In the following steps we will erase the SDCard and set it up with the relevant partitions:

    export DISK=/dev/mmcblk0
    sudo dd if=/dev/zero of=${DISK} bs=1M count=16

    sudo sfdisk --in-order --Linux --unit M ${DISK} < <-__EOF__ 1,48,0xE,* ,,,- __EOF__
    If the linux system you're using identifies the device as something similar to mmcblk0 then to format and mount, execute:

    sudo mkfs.vfat -F 16 ${DISK}p1 -n boot
    sudo mkfs.ext4 ${DISK}p2 -L rootfs

    sudo mkdir -p /media/boot/
    sudo mkdir -p /media/rootfs/

    sudo mount ${DISK}p1 /media/boot/
    sudo mount ${DISK}p2 /media/rootfs/

    Else if the device identifies itself as something similar to sdb then to format and mount, execute:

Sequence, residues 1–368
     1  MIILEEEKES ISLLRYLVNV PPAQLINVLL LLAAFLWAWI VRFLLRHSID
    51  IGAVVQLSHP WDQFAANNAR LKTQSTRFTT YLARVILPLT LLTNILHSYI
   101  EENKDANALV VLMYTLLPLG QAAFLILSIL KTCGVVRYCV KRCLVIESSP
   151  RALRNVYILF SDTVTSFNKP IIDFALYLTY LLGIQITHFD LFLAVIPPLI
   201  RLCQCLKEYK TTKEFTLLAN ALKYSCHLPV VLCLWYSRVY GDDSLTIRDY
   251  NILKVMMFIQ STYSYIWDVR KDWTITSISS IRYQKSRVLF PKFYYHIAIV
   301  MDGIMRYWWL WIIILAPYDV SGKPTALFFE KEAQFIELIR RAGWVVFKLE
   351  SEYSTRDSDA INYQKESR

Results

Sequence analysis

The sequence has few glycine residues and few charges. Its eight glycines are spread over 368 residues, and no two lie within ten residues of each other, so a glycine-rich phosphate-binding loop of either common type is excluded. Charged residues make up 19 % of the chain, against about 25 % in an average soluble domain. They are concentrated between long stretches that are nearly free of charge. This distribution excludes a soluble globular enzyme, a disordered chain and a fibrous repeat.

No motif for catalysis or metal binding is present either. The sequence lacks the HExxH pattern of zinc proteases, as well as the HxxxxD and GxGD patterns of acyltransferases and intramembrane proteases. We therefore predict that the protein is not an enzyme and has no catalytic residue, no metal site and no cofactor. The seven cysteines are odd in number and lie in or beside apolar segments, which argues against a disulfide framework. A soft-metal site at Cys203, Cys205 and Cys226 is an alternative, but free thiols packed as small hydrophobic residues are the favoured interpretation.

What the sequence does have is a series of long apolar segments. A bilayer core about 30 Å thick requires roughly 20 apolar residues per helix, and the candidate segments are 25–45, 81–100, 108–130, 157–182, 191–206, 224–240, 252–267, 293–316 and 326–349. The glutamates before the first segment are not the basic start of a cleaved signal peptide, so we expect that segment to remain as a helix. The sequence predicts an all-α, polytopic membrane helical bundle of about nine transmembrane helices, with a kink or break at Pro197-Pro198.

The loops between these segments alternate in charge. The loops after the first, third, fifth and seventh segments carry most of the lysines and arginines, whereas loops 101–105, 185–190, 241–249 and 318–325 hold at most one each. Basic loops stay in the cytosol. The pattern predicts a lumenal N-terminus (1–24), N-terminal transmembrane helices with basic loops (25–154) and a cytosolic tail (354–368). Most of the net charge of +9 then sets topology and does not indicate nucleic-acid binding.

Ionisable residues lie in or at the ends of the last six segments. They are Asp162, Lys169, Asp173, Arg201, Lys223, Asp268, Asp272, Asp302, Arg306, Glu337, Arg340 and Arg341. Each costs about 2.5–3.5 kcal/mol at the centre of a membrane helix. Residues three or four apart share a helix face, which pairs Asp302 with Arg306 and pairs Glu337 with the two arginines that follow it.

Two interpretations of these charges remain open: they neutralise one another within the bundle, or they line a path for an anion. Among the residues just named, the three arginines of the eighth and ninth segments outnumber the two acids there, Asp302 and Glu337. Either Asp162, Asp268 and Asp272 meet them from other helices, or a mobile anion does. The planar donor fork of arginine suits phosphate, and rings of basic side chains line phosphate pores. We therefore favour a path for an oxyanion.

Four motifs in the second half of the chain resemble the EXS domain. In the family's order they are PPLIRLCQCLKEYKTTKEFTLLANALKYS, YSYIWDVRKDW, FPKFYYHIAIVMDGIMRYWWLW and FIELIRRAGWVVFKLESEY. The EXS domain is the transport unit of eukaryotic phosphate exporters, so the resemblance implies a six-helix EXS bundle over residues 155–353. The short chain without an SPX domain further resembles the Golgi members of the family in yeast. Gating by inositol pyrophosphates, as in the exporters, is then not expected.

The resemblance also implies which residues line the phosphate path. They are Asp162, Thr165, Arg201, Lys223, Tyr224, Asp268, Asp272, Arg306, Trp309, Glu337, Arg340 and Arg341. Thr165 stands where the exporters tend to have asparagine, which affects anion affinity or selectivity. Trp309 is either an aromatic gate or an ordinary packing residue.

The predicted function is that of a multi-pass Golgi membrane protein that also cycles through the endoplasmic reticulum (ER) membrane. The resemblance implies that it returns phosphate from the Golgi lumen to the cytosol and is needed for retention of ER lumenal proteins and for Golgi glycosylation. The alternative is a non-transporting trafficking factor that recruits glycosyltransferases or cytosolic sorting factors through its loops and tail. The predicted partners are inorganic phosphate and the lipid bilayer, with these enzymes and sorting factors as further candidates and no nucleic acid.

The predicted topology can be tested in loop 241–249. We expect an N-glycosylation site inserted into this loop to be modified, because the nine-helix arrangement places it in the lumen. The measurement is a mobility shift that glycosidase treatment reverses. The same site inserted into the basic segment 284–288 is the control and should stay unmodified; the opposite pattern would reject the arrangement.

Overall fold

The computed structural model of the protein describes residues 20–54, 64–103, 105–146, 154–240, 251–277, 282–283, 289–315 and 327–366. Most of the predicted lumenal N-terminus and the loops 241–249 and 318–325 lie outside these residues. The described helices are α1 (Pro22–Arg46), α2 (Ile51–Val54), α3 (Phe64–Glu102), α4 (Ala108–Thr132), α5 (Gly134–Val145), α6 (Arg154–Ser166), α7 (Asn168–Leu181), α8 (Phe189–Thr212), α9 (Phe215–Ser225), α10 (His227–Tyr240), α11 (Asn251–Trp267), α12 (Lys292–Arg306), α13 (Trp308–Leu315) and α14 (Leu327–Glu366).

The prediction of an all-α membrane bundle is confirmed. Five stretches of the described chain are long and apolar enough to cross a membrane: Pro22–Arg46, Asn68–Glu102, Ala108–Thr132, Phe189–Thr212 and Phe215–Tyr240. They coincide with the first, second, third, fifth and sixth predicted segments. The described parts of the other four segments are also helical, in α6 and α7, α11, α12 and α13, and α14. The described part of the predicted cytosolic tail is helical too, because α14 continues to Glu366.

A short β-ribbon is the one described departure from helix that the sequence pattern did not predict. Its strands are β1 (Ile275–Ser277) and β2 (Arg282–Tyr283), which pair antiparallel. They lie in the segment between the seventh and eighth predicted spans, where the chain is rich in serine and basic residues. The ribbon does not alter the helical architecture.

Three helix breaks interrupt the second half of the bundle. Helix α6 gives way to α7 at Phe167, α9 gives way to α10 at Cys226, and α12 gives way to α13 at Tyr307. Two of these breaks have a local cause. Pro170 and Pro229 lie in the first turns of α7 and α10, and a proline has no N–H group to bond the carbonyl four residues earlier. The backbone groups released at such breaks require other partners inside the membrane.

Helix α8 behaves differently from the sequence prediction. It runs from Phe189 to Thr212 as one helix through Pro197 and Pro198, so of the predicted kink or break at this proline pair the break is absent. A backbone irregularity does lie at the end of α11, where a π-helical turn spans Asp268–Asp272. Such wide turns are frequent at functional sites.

sudo mkfs.vfat -F 16 ${DISK}1 -n boot
    sudo mkfs.ext4 ${DISK}2 -L rootfs

    sudo mkdir -p /media/boot/
    sudo mkdir -p /media/rootfs/

    sudo mount ${DISK}1 /media/boot/
    sudo mount ${DISK}2 /media/rootfs/

    Note: You may not need to mount the partitions as new(ish/er) distributions tend to automatically mount partitions upon detection/insertion/creation.

    Create a text file using your editor of choice (for the record I prefer vi …) called uEnv.txt and put in it the following, the sama board uses the ‘mmc’ naming convention:

    optargs=quiet init=/lib/systemd/systemd
    console=ttyS0,115200
    mmcroot=/dev/mmcblk0p2 ro
    mmcrootfstype=ext4 rootwait fixrtc

    Now we’ll extract and copy across all of the necessary files, the locations should all be relative to the initial directory we’ve been working in and you created, they should all be executed as root/sudo:

    sudo cp -v ./u-boot/spl/u-boot-spl.bin /media/boot/BOOT.BIN